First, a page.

Barrier Lake in Kananaskis Country is one of the most popular spots to head in the entire park. It’s beautiful for one, but you can reach it in less than an hour from Calgary, as it’s located right after the entrance to Kananaskis.
Visitors can choose to either enjoy the lakeshore, or go for a moderate hike to the Prairie View lookout point, head up Jewell Pass via the Prairie View trail, or continue up to Yates Mountain and check out the Barrier Lake Fire Lookout. There’s a lot of options here!
Whatever you want to do Barrier Lake offers fun for the entire family and for all types of hikers.
Jewell Pass and Barrier Lake Lookout via Prairie View Trail (Loop Option) – Add On Yates Mountain
Jewell Pass via Prairie View Trail to Barrier Lake Fire Lookout Route Description
Hiking up Prairie View Trail was one of the most visually rewarding hikes relative to effort I’ve done in the Canadian Rockies. It’s a smooth well-maintained trail the entire way, with stunning views over Barrier Lake. At just under an hour up, it can quickly be done at sunrise or sunset as well.
After parking near Barrier Lake follow the AllTrails Map past the sign for Barrier Lake. Barrier Lake will be on your left as you continue along the closed off road. After .8 km, you’ll head into the trees, and at about 1.3 km, you’ll start gaining gradual elevation. The trail up to the lookout point is pretty boring.
There are no sites and viewpoints, but it’s fast and easy, so it goes by quickly. At about 4 km, you’ll find yourself in the clearing and start getting views. Take some photos and keep moving – you’re almost to the viewpoint which is about at 5.4 km. The trail will break left or right, with a sign saying it is not maintained any further if you take a right.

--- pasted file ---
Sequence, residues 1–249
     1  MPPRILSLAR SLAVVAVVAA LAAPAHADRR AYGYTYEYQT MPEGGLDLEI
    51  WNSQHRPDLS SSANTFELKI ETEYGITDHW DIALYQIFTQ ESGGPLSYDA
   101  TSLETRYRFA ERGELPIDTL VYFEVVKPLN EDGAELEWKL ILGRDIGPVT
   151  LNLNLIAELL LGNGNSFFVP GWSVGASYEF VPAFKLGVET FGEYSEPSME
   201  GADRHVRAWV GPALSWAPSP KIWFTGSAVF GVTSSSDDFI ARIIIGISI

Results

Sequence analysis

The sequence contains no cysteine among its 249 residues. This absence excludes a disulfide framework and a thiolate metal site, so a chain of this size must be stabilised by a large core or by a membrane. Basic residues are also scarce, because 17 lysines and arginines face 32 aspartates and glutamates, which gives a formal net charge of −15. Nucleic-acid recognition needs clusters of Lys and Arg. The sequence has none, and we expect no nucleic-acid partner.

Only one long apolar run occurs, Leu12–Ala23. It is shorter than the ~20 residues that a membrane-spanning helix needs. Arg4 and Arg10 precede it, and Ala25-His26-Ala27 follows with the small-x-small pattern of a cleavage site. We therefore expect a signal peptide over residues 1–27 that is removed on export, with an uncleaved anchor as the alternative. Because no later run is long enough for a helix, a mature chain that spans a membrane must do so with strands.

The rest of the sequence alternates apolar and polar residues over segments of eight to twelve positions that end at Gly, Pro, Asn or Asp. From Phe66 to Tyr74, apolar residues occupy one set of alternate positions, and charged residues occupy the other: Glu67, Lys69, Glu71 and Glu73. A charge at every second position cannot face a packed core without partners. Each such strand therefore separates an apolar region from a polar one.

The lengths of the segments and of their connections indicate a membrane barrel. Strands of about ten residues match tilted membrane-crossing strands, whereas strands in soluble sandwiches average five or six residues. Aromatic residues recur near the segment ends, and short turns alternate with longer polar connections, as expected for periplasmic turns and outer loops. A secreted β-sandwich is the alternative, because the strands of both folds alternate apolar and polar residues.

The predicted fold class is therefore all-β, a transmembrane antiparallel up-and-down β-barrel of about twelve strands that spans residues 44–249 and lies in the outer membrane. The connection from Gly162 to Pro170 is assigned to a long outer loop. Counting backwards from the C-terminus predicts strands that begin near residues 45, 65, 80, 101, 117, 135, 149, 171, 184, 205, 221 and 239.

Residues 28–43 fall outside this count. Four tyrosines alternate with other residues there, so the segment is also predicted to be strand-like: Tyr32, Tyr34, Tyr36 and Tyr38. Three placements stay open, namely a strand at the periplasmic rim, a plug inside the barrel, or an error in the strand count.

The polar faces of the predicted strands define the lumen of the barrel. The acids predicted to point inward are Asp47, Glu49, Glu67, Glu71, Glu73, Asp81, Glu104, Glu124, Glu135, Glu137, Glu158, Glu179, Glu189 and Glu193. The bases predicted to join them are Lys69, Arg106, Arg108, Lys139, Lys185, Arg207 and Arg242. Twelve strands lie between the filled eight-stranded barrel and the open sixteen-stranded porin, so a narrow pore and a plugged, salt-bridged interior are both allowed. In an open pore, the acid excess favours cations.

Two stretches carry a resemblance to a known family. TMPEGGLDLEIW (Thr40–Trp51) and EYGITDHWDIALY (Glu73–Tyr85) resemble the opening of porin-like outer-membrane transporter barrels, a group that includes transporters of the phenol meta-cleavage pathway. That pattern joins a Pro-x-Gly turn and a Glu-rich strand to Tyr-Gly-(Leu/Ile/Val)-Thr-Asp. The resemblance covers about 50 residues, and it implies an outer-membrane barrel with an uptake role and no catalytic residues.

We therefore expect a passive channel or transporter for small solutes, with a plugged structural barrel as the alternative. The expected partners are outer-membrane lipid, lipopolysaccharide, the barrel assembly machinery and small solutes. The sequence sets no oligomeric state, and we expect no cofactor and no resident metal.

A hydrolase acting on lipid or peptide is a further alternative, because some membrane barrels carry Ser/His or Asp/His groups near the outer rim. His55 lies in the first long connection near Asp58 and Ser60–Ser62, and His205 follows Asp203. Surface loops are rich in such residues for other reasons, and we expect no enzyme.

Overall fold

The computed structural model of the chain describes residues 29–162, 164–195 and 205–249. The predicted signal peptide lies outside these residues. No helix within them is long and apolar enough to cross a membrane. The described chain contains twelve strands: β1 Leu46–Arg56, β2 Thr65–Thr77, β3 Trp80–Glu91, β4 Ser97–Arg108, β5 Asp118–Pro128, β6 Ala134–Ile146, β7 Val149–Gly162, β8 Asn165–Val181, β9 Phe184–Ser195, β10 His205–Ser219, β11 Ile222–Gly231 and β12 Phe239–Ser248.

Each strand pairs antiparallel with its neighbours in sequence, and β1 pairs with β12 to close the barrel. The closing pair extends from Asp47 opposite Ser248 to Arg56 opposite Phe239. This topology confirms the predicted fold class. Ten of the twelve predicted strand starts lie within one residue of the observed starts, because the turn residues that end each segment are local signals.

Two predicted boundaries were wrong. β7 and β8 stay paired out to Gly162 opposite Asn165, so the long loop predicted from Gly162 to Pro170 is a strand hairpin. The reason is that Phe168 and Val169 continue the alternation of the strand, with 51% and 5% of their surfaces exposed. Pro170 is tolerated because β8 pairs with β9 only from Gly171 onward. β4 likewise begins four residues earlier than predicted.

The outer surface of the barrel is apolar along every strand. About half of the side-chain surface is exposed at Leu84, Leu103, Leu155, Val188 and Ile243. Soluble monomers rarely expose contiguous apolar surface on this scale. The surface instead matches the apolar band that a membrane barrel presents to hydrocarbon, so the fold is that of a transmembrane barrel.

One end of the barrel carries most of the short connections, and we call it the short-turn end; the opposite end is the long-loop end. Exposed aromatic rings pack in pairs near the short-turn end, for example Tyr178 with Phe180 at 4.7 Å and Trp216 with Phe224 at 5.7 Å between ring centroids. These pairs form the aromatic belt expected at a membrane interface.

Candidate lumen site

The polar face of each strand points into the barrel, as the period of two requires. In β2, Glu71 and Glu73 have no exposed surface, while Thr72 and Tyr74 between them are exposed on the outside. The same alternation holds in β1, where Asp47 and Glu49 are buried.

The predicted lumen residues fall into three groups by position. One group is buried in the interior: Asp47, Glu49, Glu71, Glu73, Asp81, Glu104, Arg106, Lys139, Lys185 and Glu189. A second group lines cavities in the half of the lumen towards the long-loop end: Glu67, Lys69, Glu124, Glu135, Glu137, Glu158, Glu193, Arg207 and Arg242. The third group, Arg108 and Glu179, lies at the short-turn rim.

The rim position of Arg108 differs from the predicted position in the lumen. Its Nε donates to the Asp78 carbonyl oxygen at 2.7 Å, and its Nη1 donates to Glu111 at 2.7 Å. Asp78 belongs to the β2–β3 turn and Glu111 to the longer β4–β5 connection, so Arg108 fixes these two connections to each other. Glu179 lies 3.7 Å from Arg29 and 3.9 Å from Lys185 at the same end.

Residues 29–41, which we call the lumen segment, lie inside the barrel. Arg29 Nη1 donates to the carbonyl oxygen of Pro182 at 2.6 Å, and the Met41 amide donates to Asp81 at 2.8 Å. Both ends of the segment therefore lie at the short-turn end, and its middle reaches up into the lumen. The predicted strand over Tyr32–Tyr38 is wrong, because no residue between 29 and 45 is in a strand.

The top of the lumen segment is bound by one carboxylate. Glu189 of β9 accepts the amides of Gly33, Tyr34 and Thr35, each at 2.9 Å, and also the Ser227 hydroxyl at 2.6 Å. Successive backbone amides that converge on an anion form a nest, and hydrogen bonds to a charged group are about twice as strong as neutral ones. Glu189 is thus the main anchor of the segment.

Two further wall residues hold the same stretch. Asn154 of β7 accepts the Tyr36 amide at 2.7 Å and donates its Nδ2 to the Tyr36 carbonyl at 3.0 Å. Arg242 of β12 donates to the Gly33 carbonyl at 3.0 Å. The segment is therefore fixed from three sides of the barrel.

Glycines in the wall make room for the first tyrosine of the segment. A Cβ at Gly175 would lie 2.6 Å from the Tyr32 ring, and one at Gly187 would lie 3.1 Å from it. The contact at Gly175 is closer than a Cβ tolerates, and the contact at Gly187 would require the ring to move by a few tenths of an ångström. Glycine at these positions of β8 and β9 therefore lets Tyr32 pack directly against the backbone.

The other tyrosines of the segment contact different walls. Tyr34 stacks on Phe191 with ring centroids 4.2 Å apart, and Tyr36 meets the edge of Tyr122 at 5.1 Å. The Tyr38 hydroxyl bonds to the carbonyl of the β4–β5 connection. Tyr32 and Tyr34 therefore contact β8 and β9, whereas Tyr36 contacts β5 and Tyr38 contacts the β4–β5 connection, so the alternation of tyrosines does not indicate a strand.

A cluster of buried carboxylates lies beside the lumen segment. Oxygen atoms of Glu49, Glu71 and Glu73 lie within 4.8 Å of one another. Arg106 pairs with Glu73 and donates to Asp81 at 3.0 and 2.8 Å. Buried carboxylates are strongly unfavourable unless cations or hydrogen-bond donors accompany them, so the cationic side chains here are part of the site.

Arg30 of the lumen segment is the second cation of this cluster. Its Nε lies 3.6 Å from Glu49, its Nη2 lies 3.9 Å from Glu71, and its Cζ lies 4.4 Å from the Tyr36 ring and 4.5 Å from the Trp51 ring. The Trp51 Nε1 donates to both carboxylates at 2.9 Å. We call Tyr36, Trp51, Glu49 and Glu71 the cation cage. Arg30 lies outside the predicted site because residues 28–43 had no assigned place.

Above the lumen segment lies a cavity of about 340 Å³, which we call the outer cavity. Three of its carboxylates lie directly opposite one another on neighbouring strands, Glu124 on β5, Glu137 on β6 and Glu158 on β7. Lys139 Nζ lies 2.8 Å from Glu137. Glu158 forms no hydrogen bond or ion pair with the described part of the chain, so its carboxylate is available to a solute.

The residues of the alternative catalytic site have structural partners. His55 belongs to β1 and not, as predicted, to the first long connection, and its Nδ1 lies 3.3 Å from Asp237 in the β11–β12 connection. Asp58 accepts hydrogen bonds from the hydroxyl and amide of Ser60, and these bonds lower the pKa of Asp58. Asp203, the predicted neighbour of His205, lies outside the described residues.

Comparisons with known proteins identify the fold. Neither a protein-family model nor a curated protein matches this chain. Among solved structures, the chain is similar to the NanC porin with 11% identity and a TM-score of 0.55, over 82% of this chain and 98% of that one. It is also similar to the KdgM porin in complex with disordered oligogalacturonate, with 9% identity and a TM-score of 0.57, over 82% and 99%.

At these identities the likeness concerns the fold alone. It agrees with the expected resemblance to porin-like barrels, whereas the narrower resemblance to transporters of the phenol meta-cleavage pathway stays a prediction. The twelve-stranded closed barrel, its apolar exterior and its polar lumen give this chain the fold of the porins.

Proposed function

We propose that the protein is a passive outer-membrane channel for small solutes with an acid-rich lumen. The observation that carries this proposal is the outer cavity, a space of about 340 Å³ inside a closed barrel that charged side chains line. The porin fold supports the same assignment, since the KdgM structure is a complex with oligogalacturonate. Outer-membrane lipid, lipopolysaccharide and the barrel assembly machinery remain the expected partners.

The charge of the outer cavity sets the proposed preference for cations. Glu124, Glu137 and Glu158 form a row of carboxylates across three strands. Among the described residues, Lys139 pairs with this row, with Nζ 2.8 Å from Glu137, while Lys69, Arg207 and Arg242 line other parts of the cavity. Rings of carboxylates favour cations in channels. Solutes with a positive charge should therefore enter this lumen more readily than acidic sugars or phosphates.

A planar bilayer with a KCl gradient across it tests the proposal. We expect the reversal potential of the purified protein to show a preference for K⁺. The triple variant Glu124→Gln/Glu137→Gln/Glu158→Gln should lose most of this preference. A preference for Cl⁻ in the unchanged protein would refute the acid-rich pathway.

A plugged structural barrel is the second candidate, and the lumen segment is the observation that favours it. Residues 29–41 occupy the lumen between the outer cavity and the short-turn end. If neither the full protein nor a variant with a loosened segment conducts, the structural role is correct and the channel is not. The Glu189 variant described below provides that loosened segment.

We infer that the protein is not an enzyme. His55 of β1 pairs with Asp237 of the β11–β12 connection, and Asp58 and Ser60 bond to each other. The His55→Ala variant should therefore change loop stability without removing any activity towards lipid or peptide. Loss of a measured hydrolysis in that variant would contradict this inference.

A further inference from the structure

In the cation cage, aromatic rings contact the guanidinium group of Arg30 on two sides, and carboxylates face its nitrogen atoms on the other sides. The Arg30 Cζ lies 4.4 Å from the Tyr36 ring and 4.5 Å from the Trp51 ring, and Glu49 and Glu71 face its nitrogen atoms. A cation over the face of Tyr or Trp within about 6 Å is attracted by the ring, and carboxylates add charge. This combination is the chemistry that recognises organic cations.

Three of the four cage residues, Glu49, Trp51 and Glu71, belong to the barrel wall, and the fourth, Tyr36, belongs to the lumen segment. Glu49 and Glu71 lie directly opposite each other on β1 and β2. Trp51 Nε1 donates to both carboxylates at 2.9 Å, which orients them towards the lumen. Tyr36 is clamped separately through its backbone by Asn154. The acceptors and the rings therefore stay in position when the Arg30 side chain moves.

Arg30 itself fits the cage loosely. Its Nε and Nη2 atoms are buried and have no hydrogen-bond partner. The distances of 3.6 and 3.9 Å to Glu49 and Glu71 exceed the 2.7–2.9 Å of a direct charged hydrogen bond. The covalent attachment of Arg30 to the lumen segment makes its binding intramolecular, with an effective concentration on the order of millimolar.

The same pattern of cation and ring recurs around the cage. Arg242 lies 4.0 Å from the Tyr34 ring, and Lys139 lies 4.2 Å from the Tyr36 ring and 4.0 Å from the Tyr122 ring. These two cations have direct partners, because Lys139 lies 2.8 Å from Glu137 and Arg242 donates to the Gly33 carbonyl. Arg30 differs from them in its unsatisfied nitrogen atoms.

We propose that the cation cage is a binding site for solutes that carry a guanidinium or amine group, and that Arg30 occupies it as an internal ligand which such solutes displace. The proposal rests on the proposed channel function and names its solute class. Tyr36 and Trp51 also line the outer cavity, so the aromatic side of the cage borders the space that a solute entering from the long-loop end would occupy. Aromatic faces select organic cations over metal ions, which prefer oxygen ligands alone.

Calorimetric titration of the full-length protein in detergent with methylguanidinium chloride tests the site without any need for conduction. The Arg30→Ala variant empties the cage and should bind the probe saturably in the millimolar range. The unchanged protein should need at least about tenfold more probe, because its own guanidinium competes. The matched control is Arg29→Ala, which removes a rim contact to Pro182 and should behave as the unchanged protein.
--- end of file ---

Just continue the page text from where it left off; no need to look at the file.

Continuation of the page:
Take a left for the viewpoint, you’ll find a large slab, likely with some other hikers on it. Enjoy for a bit – the view is terrific, and you didn’t have to work too hard to get it! If you want to actually summit a mountain today (and you should!) backtrack to the trail divide and go past the sign that says it’s not maintained.
The trail technically isn’t maintained – but don’t worry, it’s still easy, just slightly steeper and rockier to the summit of Yates Mountain and the Barrier Lake Fire Lookout. You have about 10-15 more minutes until you hit the peak.
Enjoy the views from the top of Yates Mountain, although they are much better at the lower lookout point. Admire the fire lookout house, but don’t get too close! Someone actually lives there and can see if you take a nosy peek into his windows. Enjoy the views over Kananaskis and the plains.